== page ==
The case of Transylvania is similar. The people there speak the Roumanian language, but scarcely since mediæval times had they ever lived under the same government with the Roumanians across the mountains. Over against the racial unity stands a large measure of difference in economic and cultural status. The case of the Czechs and the Slovaks is partly one of difference in nationality and partly one of difference in past geographical affiliation, the Czechs having been under Austria and the Slovaks under Hungary. The two have never had many interests in common. There have been violent conflicts between them since their union in the new state. Many of the Slovaks want to reunite with Hungary; others to form a state of their own. Poland is much more a unit state than any of the three countries just mentioned; but even in Poland there is some temporary economic friction between the former Prussian, Russian, and Austrian sections.
The lack of harmony between formerly separate sections of the new states should normally tend to disappear gradually. The different groups should be expected to grow more alike in habits of thought. Common interests will multiply. But meanwhile for some years there will be considerable loss of internal efficiency, there will be some risk of further disintegration, and some risk that war between neighbor states may arise out of this absence of perfect cohesion among sections.
The sum of the whole matter is simply that Central Europe furnishes a complex such that no boundary lines can be satisfactory. The creation of new states on the nationality principle was essential at this stage of development, but it could not be so carried out as to please everybody. Centuries of history have made of Central Europe an intricate mass of conflicting groups, whose entire harmonization can be achieved only through centuries more. All that can be done is to hold the conflicts in check in some degree by artificial measures, until, with the slow progress of education, they are outgrown. A special feature of the situation should always be borne in mind, namely, the very general absence of natural borders in the military sense. The state which may wish to attack will need no great superiority of forces to enable it to invade its neighbor. The great plain of Central Europe, which formerly, as a single state, was almost surrounded by defending mountain-barriers, is now traversed by the boundary lines of five nations.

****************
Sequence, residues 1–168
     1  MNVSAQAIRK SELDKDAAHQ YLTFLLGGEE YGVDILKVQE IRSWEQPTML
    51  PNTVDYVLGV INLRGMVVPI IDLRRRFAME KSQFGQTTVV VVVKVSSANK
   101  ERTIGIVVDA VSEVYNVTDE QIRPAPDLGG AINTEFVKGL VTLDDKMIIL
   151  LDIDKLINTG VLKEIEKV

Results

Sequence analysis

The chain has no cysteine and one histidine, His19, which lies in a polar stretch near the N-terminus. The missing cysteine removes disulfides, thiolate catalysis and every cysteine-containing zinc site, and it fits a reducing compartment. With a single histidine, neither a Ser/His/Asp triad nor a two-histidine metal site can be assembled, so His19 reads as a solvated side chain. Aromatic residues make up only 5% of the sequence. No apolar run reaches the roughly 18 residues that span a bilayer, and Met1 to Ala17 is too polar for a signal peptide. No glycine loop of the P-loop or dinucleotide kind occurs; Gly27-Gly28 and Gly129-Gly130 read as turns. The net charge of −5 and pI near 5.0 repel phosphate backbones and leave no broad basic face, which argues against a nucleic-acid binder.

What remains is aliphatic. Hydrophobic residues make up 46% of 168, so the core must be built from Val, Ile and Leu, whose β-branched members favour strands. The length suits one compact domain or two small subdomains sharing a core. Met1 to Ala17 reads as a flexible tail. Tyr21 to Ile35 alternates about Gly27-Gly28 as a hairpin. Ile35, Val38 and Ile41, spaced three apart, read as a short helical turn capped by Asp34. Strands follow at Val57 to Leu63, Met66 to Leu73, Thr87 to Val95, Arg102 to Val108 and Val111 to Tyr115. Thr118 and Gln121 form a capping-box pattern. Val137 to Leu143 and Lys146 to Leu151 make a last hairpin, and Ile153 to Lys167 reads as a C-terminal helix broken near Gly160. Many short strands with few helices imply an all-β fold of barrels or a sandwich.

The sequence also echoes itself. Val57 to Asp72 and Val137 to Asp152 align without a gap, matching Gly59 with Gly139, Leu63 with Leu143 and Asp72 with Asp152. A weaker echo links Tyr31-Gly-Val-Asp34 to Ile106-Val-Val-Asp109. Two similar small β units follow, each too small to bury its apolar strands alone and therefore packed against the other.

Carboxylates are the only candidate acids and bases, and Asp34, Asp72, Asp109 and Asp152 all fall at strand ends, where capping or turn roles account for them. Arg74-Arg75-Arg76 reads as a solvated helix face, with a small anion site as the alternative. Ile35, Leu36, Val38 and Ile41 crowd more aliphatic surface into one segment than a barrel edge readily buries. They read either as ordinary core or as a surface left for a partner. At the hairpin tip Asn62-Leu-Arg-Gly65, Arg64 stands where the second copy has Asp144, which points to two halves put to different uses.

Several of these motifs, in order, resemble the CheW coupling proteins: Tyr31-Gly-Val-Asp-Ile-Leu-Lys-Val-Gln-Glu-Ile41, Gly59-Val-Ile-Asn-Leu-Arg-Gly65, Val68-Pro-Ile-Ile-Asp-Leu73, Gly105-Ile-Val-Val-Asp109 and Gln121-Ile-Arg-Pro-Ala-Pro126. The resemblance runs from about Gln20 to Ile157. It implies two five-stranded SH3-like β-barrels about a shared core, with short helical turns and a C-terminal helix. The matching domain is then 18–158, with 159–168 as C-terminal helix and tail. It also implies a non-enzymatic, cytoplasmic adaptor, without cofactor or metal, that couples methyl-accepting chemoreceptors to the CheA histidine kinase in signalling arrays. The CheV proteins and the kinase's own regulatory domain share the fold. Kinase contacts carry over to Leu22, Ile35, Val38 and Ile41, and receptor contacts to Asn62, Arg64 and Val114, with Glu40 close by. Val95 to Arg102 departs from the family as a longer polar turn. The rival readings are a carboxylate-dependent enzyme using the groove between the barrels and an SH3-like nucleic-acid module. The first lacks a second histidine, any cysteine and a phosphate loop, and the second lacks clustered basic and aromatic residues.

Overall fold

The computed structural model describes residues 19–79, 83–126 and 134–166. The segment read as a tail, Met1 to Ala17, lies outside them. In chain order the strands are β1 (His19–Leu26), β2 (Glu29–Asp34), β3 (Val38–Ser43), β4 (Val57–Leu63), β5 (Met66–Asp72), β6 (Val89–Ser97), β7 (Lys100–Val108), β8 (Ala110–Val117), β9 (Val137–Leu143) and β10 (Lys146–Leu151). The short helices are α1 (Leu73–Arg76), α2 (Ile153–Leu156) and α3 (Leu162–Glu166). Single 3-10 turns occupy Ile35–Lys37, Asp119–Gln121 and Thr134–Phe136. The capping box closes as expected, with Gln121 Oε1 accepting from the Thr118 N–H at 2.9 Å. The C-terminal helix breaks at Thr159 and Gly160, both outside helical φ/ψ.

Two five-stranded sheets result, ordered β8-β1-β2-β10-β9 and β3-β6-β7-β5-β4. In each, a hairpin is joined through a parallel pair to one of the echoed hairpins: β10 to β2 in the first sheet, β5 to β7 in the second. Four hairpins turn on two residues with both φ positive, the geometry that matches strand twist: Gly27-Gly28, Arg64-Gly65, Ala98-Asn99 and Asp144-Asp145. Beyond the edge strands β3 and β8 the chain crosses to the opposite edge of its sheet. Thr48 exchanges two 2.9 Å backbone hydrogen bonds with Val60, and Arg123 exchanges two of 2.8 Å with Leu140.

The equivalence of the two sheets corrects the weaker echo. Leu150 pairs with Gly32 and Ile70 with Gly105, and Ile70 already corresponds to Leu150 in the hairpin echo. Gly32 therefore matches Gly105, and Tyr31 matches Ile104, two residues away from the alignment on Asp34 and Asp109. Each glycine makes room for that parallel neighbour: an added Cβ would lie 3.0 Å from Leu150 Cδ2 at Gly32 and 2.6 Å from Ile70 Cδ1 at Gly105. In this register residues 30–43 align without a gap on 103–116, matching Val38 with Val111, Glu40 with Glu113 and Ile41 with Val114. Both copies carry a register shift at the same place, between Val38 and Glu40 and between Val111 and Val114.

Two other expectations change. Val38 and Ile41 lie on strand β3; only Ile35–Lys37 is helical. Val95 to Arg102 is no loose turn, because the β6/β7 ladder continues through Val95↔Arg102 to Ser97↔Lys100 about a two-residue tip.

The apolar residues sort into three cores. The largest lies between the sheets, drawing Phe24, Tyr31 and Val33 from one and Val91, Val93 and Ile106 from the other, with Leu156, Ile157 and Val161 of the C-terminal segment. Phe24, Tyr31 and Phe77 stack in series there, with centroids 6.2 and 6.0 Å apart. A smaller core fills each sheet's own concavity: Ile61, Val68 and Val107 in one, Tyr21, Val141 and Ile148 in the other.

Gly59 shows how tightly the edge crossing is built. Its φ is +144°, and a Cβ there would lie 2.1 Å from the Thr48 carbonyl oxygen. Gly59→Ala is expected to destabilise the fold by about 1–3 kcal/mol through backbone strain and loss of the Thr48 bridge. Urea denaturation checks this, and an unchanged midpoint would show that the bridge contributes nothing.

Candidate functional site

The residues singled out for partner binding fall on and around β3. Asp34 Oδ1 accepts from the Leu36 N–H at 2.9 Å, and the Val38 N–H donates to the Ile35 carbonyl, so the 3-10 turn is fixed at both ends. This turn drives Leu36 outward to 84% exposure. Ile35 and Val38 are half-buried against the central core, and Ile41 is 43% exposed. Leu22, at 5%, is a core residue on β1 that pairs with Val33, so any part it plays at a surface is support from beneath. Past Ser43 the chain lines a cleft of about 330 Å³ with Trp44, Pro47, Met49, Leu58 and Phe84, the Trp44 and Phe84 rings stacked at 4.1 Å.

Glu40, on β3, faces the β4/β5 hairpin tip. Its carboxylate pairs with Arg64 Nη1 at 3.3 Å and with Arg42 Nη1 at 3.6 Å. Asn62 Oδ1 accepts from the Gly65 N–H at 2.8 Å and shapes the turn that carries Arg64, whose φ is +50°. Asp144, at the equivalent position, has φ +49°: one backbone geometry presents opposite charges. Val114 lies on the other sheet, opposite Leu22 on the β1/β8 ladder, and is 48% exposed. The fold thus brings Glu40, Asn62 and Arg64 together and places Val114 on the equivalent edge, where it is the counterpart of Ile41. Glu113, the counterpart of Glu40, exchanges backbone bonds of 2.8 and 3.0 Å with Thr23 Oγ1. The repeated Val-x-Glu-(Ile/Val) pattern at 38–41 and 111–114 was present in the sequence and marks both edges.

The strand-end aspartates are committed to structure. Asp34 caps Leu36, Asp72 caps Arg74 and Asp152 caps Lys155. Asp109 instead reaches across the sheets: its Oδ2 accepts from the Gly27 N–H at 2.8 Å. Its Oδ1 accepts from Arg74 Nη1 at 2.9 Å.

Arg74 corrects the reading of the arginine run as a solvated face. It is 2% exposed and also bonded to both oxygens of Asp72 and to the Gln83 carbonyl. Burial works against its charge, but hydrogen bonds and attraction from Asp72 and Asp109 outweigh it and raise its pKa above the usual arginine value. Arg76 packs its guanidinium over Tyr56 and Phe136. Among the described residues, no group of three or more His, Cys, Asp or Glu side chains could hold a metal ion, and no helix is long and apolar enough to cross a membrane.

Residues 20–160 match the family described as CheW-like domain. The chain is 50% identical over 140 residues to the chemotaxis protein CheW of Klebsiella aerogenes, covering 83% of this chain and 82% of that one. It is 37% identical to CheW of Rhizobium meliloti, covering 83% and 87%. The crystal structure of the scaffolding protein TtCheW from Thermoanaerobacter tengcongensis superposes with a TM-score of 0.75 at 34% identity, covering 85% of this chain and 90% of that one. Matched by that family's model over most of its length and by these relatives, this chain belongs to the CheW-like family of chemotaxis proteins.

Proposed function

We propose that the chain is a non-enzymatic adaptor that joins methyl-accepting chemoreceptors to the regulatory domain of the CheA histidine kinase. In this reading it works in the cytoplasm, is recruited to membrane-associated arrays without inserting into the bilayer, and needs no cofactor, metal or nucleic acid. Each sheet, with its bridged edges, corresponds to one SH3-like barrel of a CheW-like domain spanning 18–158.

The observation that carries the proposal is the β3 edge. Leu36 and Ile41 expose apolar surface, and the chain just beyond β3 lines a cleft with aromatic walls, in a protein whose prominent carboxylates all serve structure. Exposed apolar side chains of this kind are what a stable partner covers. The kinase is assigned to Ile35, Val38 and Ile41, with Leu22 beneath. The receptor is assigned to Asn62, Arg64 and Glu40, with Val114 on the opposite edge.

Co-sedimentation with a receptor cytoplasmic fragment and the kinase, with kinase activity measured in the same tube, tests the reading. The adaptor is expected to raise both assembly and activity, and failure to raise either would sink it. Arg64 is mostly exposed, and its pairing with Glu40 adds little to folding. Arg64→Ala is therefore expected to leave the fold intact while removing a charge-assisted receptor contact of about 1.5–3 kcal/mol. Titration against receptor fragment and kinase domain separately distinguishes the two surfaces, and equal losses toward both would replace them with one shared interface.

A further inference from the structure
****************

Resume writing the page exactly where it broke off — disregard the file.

It is not merely, moreover, as a means of preserving the peace among themselves that the states of Central Europe need to coöperate. They need to do so also as a defense against possible aggression from greater powers outside. Germany may temporarily have abandoned her dream of a Teutonic Mitteleuropa; but she may easily dream again. A lot of weak little states would appear an easy and tempting prey. The future of Russia is a closed book; but the countries of Central Europe cannot disregard the possibility of invasion from that quarter.
Space will not permit discussion of the proper geographical scope of a Central European federation, or of the question whether there would better be two federations than one. It may be noted, however, that there is little force in the idea that racial lines need be an important factor in determining the make-up of the confederation or confederations. Geographical considerations should dominate. There is neither enough similarity nor enough mutual affection among the Slavic groups of Central Europe to make a purely Slavic union appear especially attractive to them. For instance, the Russians and the Poles have always loved one another quite as little as either loved the Germans. Russia’s former championship of the Serbs was a matter of pure self-interest, not of racial feeling. Moreover, the Slavic peoples are not so distributed geographically that a combination, to the exclusion of other peoples, would be feasible. It may be suggested further that the primary criterion of the proper scope of federation should be the interest of the people of Central Europe themselves, and not the interest of outside powers. Obviously the federation should not be formed under the influence of Germany, with a view to the ultimate political domination of Central Europe; but quite as little should it be looked upon as a device of any other great power or powers for excluding Germany from trade and investment in this region. Finally, it may be observed that if, for any reason, German Austria cannot be included in some Central European federation, she must, in all decency, be allowed to unite with Germany. She must not be left an orphan, with huge head and puny body, to be classed with Armenia as an object of public charity.